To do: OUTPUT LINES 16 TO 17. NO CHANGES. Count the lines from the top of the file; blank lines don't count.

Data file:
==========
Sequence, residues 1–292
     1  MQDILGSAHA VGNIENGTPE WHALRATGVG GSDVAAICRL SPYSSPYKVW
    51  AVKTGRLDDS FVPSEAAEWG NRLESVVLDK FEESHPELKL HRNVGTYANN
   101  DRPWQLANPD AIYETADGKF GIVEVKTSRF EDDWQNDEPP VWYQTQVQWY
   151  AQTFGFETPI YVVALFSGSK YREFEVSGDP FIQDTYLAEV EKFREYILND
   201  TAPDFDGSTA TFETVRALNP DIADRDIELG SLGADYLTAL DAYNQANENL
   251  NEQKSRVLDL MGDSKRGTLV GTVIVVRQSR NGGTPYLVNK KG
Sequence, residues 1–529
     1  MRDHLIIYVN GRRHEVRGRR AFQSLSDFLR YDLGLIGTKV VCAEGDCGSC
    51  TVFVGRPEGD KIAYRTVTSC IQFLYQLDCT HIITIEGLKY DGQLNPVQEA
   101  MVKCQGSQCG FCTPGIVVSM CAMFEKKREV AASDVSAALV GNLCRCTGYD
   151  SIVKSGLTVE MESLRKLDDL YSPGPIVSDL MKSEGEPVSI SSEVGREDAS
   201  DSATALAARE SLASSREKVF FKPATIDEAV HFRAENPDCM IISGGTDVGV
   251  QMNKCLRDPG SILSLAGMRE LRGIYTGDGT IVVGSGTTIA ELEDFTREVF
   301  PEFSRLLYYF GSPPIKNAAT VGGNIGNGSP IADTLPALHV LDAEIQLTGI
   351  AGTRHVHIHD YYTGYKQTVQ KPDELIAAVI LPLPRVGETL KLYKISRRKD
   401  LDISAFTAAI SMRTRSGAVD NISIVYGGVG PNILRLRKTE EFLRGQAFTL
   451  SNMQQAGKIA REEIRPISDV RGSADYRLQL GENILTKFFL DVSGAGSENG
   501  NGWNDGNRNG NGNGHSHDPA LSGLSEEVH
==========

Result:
   351  AGTRHVHIHD YYTGYKQTVQ KPDELIAAVI LPLPRVGETL KLYKISRRKD
   401  LDISAFTAAI SMRTRSGAVD NISIVYGGVG PNILRLRKTE EFLRGQAFTL